Leica was at the center of a firestorm of controversy in China earlier this month over a video that dramatized the creation of the iconic photo titled, “Tank Man”. Now it turns out that all the well-known “Tank Man” photos were actually shot with Nikon cameras.
The whole hoopla started when Leica’s Brazilian ad agency F/Nazca Saatchi & Saatchi released this 5-minute video titled “The Hunt”:
The film depicts a photographer being confronted by angry Chinese government authorities as he works to photograph the 1989 Tiananmen Square protests from a hotel window.
“Without the passion and the vision of these people, no camera would make history on its own,” photographer and Leica rep Luiz Marinho tells Ads of the World. “Therefore, we felt that it would be fair and truthful to pay homage to them, since they are our eyes around the world.”
Leica’s logo is seen at the very end of the video.
But the video instantly resulted in outrage in China, with citizens slamming Leica on social media and the government quickly ordering a ban on the word “Leica” on social media.
The whole thing became a PR nightmare for Leica in a country that’s one of its biggest growth markets, and the company quickly distanced itself from the video, saying that it was unauthorized.
“[The video] was not commissioned, financed or approved by any company in the Leica Group,” Leica tells The Jakarta Post. “We expressly regret any confusion and will take further legal steps to prevent unauthorized use of our brand.”
But the ad agency refutes that claim, saying that it would never release anything without a client’s approval.
“F/Nazca Saatchi & Saatchi has worked for the representative of Leica in Brazil since 2012, developing content for several different media platforms for the client over this time,” the agency says. “The commercial ‘The Hunt’, launched in Brazil this week, is another among these works that we have developed together with this client and for which we have immense pride and are sure to have delivered a remarkable piece.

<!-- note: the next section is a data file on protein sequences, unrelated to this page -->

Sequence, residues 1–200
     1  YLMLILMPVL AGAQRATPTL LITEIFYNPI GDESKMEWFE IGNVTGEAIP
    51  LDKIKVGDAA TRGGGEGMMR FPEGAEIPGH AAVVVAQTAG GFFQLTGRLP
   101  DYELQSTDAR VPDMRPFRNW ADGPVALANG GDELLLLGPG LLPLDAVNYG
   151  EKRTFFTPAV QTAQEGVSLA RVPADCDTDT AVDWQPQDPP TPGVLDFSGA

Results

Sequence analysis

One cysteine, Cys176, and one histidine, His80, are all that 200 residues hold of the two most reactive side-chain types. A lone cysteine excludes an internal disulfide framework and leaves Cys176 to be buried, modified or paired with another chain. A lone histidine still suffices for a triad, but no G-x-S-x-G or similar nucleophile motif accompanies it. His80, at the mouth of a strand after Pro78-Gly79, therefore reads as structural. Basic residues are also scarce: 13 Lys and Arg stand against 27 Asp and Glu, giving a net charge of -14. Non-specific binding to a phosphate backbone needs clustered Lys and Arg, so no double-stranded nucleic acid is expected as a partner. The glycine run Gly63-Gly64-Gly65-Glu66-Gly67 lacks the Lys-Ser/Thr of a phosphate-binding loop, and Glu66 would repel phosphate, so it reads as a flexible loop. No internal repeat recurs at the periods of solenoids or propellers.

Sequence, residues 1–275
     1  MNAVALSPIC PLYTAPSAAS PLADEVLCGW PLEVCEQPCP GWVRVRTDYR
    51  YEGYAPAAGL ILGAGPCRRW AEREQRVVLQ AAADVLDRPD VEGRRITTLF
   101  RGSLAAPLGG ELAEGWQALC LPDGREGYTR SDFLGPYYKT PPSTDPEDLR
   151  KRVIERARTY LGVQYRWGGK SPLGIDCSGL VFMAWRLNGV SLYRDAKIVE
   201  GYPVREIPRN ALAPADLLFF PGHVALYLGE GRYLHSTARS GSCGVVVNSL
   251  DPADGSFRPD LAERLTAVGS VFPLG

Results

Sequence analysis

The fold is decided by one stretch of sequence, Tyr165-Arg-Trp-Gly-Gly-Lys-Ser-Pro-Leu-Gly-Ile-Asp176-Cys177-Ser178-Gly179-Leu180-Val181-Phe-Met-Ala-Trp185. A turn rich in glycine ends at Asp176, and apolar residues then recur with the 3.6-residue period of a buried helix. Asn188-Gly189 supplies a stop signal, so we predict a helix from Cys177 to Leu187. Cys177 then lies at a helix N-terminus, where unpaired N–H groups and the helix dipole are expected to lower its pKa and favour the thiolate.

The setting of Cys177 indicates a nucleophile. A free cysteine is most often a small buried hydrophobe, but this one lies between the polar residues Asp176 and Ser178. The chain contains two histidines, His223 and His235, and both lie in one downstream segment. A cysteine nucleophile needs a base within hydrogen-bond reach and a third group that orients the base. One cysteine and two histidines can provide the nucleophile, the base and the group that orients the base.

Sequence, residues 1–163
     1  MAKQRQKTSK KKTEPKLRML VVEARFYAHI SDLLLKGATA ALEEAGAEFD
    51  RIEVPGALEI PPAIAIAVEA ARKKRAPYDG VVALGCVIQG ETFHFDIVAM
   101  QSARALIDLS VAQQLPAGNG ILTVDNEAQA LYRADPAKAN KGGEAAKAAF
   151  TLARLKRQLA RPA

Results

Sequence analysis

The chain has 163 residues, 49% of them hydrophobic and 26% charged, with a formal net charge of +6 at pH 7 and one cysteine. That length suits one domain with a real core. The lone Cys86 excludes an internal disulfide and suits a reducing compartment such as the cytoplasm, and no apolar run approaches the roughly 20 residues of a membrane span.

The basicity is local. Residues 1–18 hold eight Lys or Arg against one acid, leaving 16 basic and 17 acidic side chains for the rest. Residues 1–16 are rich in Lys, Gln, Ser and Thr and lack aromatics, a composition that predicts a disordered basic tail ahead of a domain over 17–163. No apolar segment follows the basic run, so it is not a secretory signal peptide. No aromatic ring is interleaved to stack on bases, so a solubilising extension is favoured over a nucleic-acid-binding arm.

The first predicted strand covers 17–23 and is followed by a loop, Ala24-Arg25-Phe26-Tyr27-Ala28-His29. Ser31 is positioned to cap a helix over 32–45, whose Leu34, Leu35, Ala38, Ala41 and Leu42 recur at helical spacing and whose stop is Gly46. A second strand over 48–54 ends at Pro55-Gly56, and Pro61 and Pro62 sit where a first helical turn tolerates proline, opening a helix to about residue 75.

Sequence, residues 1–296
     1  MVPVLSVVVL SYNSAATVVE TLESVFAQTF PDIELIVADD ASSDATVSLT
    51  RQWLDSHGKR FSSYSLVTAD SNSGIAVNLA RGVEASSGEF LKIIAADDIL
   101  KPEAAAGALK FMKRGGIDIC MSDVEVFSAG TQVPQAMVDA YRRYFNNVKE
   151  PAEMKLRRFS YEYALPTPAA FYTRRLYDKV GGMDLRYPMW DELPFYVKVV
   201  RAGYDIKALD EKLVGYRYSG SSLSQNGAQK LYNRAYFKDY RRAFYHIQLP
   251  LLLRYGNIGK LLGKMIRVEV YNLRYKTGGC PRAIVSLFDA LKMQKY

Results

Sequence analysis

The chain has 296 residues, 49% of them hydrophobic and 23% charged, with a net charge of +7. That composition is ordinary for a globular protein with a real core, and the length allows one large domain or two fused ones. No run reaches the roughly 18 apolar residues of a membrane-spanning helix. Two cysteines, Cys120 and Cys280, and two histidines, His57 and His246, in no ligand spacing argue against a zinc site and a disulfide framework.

“F/Nazca […] would never harm its huge reputation by creating, producing and airing a work without the proper approval of its client.”
As Leica is scrambling to salvage its relationship with its Chinese customers (and their government), it has now been revealed that Leica cameras didn’t actually play a role in the creation of the famous “Tank Man” photos.
The prominent German news outlet Spiegel Online did some digging and discovered that all the photojournalists now-known for covering Tank Man had been shooting Nikon cameras.
Although “Tank Man” often refers to the most famous photo of the scene that was captured by AP photographer Jeff Widener, there were three other press photographers who captured the same moments from a Beijing hotel.
As an unidentified Chinese man stepped in front of a column of approaching tanks, Charlie Cole of Newsweek, Stuart Franklin of Magnum, and Arthur Tsang of Reuters were also snapping away.
All four photographers confirmed to Spiegel that they were shooting Japanese Nikon cameras rather than German Leica ones, and the photographers reportedly weren’t approached by Leica or the ad agency during the creation of the short film.
While the video got the camera brand wrong, the depiction seems to accurately show the lengths to which the photographers went to capture photos for the world’s eyes, as detailed in a New York Times article about the photographers’ stories published in 2009.
Cole was shooting from the same balcony as Franklin, and he hid his roll of film inside a toilet.
“I […] placed the tank roll in a plastic film can and wrapped it in a plastic bag and attached it to the flush chain in the tank of the toilet,” Cole told the Times. “I hid my cameras as best I could in the room. Within an hour, the PSB forced their way in and started searching the room. After about five minutes, they discovered the cameras and ripped the film out of each, seemingly satisfied that they had neutralized the coverage. They then forced me to sign a confession that I had been photographing during martial law and confiscated my passport.
“Sometime later, I was able to return to the room and retrieve the film […]”
Franklin’s photos were smuggled out of China by a French student inside a box of tea.